Figure 2. SM proteins are designed to bind four helix bundles. (A) The “closed” conformation of Syntaxin-1A, in which the SM protein Munc18-1 binds the four helix bundle composed of syntaxin’s own Habc domain (three helices, in brown) and its own SNARE motif helix (fourth helix, in red). This closed state has so far only been found with syntaxins involved in exocytosis. Inset: SM proteins are universally attached to Habc domains by a specialized sequence at the N-terminus of Habc (labeled as N-peptide). (B) The “open” conformation of a t-SNARE complex, consisting of a t-SNARE and its cognate SM protein bound to the N-peptide of its syntaxin’s Habc domain. This is believed to be the universal state in which t-SNAREs are open (i.e. reactive) with cognate v-SNAREs to form trans-SNARE complexes (C) resulting in fusion. Positioning of the protein domains in B and C are arbitrary. Panel C illustrates SNAREs and SM proteins, the universal fusion machinery. Reproduced from Südhof & Rothman, 2009[3] with permission. [Click to enlarge]
However SM proteins are now known to be positively required in all membrane fusion reactions[3]. SM proteins promote membrane fusion when syntaxin-1 adopts an ‘open’ conformation (with the SM protein anchored by its N-terminal lobe to a specific N-terminal peptide of syntaxin-1), exposing the SNARE motif of syntaxin-1 (single helix) to interaction with the other t-SNARE SNAP-25 (double helix) to form the t-SNARE complex, a three helix bundle which then docks with the v-SNARE, VAMP-1(single helix)[3]. This conformational change leaves the ‘arch-shaped’ body of Munc 18-1 free to fold back and clasp the zippering syntaxin-1/Snap-25/VAMP-1 four-helix bundle near the membrane as shown in Figure 2[3].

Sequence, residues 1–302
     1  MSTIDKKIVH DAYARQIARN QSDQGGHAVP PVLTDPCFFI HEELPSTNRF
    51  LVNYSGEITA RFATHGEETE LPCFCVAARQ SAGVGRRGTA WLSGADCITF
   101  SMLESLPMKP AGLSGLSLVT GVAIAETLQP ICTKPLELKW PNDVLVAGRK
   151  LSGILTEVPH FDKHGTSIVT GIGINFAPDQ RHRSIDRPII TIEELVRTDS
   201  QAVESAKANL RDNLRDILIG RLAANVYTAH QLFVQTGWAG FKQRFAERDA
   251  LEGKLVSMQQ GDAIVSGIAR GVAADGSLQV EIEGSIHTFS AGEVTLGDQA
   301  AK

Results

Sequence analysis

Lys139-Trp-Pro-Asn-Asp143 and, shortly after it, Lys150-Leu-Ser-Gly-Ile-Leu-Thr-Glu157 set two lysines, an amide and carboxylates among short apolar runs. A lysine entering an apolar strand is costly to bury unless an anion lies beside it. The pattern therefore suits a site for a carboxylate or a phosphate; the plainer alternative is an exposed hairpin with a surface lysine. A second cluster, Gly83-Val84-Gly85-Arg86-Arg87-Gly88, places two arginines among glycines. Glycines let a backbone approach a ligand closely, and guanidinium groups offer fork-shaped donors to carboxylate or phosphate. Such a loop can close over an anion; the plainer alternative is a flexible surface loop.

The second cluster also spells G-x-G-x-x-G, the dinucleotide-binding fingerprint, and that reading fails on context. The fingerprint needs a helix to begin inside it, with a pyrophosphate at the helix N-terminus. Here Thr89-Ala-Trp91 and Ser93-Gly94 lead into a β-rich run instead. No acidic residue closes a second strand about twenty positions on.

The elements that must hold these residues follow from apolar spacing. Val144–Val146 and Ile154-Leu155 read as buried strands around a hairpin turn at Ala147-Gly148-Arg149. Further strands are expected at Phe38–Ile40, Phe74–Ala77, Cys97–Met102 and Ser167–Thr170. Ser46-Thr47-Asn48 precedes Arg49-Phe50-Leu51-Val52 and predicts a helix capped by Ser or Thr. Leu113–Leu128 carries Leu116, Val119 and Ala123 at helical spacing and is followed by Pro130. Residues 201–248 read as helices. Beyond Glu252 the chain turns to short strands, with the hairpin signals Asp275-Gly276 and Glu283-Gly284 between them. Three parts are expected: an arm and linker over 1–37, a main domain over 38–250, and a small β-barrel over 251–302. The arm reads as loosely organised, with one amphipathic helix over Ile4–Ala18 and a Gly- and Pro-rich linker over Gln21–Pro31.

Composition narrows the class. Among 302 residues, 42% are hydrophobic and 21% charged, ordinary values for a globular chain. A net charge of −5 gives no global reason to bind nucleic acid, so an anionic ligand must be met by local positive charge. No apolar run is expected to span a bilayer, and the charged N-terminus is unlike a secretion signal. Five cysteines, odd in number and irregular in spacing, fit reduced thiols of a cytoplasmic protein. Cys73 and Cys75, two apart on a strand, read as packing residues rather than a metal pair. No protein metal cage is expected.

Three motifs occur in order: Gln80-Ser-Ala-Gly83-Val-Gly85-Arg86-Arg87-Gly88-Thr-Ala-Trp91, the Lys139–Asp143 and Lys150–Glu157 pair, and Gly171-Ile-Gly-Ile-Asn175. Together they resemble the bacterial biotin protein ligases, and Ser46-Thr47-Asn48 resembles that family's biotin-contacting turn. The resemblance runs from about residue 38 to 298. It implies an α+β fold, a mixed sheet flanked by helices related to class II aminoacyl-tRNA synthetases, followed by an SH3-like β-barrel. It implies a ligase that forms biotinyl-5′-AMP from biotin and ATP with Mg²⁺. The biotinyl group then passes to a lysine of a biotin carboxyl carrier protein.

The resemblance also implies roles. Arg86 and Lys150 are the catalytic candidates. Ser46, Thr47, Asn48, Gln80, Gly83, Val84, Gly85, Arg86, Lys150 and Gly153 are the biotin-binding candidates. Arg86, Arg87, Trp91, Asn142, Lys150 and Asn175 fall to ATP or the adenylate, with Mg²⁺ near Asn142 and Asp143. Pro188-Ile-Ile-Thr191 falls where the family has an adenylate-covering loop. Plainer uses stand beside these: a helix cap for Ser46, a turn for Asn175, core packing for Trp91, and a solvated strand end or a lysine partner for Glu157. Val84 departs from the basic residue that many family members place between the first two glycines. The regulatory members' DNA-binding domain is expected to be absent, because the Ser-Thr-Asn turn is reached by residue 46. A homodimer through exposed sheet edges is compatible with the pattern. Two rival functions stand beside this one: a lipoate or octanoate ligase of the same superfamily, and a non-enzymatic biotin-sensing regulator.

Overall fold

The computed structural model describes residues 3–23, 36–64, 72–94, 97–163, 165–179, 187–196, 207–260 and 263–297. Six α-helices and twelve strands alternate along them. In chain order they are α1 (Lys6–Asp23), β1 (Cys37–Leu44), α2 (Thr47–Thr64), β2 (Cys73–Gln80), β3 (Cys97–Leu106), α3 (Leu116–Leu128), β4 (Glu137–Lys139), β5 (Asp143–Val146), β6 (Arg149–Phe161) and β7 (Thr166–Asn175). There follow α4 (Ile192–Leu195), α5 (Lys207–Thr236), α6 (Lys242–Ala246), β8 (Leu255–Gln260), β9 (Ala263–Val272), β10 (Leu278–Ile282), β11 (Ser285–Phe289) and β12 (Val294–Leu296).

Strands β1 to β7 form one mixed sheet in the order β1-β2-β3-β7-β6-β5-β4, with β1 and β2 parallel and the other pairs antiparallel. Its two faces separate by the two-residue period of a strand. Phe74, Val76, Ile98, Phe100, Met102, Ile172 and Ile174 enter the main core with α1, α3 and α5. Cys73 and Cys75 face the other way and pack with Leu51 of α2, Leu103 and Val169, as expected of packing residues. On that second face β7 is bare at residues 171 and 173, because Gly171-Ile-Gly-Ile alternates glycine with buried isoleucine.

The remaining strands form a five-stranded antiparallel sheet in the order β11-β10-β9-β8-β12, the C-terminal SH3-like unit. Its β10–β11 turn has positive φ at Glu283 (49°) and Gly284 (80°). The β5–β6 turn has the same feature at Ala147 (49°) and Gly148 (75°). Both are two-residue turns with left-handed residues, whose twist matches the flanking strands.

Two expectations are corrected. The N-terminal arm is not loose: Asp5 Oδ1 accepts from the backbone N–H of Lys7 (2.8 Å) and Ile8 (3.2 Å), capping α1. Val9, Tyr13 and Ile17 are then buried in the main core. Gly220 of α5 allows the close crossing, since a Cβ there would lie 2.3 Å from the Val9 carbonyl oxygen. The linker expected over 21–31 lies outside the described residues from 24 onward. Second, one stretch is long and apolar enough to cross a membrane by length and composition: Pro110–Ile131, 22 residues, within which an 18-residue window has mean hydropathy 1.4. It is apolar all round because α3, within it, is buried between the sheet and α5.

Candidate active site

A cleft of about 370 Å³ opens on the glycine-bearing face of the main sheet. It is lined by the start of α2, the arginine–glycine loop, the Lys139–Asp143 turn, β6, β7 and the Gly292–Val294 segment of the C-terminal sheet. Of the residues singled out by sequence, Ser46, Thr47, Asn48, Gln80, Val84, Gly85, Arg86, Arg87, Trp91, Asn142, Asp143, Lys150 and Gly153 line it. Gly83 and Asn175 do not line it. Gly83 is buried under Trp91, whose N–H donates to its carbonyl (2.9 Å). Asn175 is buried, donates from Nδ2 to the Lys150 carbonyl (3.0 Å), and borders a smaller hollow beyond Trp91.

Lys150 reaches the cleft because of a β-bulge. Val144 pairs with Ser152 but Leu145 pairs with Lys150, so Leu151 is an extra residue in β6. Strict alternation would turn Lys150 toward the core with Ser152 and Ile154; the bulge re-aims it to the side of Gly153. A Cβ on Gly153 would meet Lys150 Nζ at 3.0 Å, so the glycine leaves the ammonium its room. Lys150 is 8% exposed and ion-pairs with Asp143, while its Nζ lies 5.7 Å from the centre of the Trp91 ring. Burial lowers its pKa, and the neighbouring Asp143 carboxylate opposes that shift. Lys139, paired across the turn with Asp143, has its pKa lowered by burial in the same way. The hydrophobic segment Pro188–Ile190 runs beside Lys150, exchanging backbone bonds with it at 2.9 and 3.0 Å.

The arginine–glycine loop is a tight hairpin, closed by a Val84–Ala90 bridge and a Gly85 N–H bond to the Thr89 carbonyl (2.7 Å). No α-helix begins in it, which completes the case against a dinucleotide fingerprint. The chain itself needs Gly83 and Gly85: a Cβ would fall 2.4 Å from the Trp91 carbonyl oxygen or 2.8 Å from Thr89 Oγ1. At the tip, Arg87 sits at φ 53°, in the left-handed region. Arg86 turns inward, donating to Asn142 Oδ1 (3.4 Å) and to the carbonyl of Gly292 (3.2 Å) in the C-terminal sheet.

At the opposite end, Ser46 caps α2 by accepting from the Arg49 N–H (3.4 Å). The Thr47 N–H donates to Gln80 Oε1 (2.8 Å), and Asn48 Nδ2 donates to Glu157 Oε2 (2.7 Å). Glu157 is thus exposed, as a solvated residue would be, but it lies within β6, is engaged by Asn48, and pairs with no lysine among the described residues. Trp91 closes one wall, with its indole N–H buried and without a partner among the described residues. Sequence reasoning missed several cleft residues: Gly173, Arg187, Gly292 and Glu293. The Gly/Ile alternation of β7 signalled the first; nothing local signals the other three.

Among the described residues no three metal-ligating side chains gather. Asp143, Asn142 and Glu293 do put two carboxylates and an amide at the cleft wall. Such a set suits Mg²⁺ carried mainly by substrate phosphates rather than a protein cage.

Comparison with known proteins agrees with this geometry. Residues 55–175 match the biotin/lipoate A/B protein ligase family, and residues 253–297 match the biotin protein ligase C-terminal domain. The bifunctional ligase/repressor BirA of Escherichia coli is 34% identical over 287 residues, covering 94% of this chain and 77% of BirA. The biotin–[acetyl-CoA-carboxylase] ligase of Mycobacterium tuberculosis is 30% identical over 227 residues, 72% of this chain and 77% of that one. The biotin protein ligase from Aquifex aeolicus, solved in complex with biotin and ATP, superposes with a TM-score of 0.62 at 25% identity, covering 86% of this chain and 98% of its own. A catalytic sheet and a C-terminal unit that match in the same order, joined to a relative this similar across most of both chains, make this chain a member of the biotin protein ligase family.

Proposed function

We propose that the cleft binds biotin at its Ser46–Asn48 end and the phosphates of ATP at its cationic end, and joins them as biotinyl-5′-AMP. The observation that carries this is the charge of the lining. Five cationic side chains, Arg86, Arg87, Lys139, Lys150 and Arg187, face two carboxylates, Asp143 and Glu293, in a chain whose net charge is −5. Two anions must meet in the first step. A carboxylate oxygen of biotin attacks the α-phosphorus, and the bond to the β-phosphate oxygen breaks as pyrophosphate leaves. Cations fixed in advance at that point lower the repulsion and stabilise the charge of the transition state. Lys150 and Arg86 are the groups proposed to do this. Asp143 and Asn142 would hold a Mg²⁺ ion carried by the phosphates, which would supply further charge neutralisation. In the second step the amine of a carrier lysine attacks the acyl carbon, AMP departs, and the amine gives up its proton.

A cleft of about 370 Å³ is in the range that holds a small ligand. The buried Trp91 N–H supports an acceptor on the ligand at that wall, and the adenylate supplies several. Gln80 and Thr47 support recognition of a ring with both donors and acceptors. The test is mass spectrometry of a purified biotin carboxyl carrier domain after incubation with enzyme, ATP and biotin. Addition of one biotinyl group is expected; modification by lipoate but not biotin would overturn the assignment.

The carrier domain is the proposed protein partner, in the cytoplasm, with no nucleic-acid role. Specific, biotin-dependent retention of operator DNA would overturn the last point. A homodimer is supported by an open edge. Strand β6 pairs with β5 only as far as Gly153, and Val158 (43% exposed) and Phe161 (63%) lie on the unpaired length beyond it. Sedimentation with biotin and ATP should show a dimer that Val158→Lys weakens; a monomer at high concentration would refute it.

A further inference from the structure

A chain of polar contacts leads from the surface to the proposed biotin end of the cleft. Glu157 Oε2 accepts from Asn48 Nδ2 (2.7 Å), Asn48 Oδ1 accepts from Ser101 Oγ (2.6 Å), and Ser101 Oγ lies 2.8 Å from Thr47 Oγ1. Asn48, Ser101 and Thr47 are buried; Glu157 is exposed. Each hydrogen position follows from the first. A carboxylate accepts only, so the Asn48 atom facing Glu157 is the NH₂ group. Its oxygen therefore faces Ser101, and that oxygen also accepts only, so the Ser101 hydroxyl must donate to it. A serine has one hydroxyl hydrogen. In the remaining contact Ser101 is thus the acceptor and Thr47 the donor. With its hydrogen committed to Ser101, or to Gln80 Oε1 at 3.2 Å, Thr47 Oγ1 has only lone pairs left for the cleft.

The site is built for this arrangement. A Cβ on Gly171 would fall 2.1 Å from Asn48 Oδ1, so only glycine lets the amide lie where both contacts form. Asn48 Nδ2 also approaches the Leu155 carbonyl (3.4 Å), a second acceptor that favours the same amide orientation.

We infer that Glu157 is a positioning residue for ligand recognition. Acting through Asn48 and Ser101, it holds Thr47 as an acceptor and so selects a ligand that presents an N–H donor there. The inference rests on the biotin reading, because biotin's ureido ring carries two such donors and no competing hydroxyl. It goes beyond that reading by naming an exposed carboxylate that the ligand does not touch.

Exactly how SM proteins cooperate with SNARE complexes for fusion is not yet known but a kinetic role in which SM proteins co-operate with SNAREs by helping them assemble into productive topological arrangements at the interface of two membranes has been suggested[3]. Thus, SM proteins likely act as catalysts for SNAREs which in turn are catalysts for membrane fusion.

In summary, the universal fusion machinery consists of a v-SNARE protein and a t-SNARE complex, the latter comprised of a syntaxin ‘heavy chain’ with one or two associated non-syntaxin SNARE ‘light chains’, and a cognate SM protein bound to the N-terminus of the syntaxin. The t-SNARE complex engages the cognate v-SNARE in the opposing membrane, and as these two SNAREs zipper-up towards the membrane, the SM protein cooperates in fusion at least in part by circumferentially clasping the assembling trans-SNARE complex[3].

GLUT4 vesicle docking and fusion machinery in muscle and fat

Insulin-stimulated GLUT4 translocation involves a similar process of membrane fusion mediated by homologues of the SM protein and v- and t-SNARES found in synaptic transmission. The v-SNARE found on GLUT4-containing vesicles is VAMP-2, first identified by immunological detection in GLUT4-enriched vesicles from rat adipocytes[5] and subsequently confirmed in muscle and adipose cells by PCR, Northern blots and immunological methodologies (see ref [6]). Similar approaches revealed that the t-SNARES in insulin responsive tissues are syntaxin-4[6][7][8][9] and SNAP23[10][11][12].

The SM protein isoform involved in insulin-stimulated GLUT4 vesicle fusion is Munc 18c[9] which binds to the trans-SNARE complex and strongly accelerates the fusion rate[13]. Munc 18c recognizes both vesicle-rooted SNARE and target membrane-associated SNAREs, and promotes trans-SNARE zippering at the post-docking stage of the fusion reaction. The stimulation of fusion by Munc 18c is specific to its cognate SNARE isoforms. Munc 18c also binds the syntaxin-4 monomer but unlike Munc 18-1 does not block target membrane-associated SNARE assembly[13]. Thus, the inhibitory "closed" syntaxin binding mode demonstrated for Munc 18-1 is not conserved in Munc 18c. Unexpectedly, it was found that Munc 18c recognizes the N-terminal region of the vesicle-rooted SNARE, whereas Munc 18-1 requires the C-terminal sequences, suggesting that the architecture of the SNARE/SM complex likely differs across fusion pathways.